"No matter where the name comes from, this is an old-fashioned recipe that stands the test of time."
~Serious EatsBeing two generations removed from my native Irish relatives, I can hardly call myself an expert on Irish food, but from what I gather, much of what America refers to as Irish soda bread is actually called spotted dog in Ireland. The only difference being the fruit. You can read more about the origin of the name here (look at last paragraph).
This is my favorite version of the beloved bread. Very simple to throw together, it can upgrade even the most humble of meals. Whatever you name it, you'll claim it delicious! It is best eaten warm out of the oven and slathered with fresh butter, but even the leftovers (if you have any!) are divine toasted and buttered or spread with marmalade.
My favorite version of the bread was adapted from a recipe originally published in Better Homes and Gardens as currant-orange Irish soda bread.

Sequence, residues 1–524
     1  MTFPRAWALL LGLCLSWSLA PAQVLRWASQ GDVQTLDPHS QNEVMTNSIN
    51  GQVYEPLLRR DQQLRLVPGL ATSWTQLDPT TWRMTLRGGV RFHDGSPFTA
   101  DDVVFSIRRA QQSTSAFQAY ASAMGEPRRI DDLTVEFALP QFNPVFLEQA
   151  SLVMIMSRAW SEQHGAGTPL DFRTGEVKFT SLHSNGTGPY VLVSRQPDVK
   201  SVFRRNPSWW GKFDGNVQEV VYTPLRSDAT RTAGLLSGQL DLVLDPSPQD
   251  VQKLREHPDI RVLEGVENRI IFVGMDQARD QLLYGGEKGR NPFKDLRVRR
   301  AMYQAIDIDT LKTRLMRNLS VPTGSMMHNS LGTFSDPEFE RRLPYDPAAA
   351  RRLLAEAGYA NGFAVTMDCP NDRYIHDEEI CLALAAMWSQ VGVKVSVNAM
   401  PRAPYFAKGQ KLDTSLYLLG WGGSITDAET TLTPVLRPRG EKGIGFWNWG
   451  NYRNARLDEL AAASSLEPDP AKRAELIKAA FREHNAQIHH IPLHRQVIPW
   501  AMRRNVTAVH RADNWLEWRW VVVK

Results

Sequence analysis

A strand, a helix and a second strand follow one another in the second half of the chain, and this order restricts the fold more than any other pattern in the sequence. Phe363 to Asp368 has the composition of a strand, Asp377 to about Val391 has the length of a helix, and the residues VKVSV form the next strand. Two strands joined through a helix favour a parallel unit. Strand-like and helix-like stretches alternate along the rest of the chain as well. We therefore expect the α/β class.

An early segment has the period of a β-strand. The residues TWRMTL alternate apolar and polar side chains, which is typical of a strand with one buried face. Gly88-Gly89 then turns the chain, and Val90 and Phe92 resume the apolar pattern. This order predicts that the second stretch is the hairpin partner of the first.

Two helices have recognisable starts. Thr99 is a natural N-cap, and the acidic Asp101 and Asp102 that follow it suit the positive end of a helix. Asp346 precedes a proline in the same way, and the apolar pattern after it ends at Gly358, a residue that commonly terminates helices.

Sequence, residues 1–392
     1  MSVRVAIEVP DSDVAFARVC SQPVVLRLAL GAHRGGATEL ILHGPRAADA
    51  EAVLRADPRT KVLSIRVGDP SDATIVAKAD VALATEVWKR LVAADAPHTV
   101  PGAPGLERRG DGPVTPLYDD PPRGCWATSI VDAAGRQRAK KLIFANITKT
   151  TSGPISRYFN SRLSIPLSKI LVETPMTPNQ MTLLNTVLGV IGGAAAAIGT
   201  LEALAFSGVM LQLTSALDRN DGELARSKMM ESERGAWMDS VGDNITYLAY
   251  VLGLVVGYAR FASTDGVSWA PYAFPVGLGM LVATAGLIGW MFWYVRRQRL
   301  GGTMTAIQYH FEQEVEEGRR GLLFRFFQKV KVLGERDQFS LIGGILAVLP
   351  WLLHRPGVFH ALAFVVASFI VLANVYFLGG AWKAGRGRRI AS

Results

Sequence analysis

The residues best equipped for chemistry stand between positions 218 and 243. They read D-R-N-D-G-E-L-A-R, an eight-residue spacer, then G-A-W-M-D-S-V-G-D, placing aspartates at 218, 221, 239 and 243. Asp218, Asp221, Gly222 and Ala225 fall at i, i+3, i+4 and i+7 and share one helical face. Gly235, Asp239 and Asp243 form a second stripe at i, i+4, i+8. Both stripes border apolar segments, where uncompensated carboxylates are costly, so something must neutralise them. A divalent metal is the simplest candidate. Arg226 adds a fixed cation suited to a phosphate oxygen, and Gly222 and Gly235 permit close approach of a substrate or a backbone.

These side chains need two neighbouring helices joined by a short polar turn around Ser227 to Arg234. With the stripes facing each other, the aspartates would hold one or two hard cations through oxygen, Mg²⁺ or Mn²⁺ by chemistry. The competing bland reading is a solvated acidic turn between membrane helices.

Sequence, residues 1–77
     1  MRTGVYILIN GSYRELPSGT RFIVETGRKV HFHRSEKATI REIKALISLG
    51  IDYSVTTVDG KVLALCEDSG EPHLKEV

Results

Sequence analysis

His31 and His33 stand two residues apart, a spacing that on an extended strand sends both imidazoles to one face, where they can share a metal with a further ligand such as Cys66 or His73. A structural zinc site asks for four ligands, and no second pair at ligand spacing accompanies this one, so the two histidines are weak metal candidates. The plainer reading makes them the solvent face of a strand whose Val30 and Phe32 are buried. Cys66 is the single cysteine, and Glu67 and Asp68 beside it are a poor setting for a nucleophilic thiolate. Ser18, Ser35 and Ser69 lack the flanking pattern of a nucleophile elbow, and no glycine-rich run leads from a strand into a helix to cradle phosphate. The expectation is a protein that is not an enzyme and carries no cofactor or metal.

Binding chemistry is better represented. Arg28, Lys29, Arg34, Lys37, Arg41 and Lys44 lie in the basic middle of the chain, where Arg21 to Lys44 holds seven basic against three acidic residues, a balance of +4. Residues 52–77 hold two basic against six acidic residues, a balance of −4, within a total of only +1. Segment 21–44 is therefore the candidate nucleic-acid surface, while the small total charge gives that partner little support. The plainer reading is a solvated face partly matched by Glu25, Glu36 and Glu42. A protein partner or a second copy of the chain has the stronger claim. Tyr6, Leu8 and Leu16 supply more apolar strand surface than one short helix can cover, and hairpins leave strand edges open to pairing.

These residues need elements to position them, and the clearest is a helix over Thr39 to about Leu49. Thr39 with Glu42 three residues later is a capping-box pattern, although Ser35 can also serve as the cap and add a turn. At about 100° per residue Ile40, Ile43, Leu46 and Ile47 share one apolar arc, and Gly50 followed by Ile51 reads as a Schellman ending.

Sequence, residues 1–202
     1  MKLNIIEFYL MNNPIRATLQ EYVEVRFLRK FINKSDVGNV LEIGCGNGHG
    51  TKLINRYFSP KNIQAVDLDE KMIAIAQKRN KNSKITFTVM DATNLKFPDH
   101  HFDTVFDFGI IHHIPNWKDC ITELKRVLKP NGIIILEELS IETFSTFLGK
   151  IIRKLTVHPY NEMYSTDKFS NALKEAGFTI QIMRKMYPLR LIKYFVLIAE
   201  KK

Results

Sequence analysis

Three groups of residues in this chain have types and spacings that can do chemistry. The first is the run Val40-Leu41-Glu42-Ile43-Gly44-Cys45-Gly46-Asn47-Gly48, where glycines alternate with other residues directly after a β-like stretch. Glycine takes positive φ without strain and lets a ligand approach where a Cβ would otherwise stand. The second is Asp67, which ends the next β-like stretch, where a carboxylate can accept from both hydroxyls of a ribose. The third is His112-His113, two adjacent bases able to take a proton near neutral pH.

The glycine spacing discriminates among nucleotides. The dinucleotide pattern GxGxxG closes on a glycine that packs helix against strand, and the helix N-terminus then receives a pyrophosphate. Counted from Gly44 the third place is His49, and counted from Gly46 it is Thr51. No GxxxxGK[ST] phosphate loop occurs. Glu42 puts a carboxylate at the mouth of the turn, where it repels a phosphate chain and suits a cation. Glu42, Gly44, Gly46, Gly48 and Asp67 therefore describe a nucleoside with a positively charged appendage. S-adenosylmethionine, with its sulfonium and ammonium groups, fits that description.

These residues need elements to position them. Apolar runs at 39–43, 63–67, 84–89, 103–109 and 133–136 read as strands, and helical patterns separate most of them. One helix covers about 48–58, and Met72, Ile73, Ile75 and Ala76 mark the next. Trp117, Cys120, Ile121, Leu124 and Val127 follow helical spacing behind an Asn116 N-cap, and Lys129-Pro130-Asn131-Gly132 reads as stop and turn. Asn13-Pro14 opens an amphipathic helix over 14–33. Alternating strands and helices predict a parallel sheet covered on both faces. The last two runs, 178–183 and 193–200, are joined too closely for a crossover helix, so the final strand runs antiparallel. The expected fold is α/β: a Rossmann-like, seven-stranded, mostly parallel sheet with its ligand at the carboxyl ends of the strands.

2 cups all purpose flour
2 tablespoons sugar
1/2 teaspoon baking soda
1/2 teaspoon salt
the zested peel from two oranges (about 2 tablespoons)
3 tablespoons butter
1/3 cup raisins
1 egg, lightly beaten
3/4 cup buttermilk
1. Preheat oven to 375 degrees. Grease a large cookie sheet and set aside. In a large mixing bowl, stir together the flour, sugar, baking soda, salt and orange zest. Cut in butter until the mixture resembles coarse crumbs. Stir in raisins. Make a well in the center of the mixture.
2. In a small mixing bowl combine the egg and buttermilk. Add all at once to the flour mixture. Stir just until moistened.
3. On a lightly floured surface, gently knead to form a dough. A few turns, just until it comes together (only 4-5 times). Shape into a 7-inch round loaf. Transfer dough to prepared cookie sheet. With a sharp knife, make two slashes across the center of the loaf to form and X, going all the way to the edge. Bake 30 minutes or until golden. Serve warm.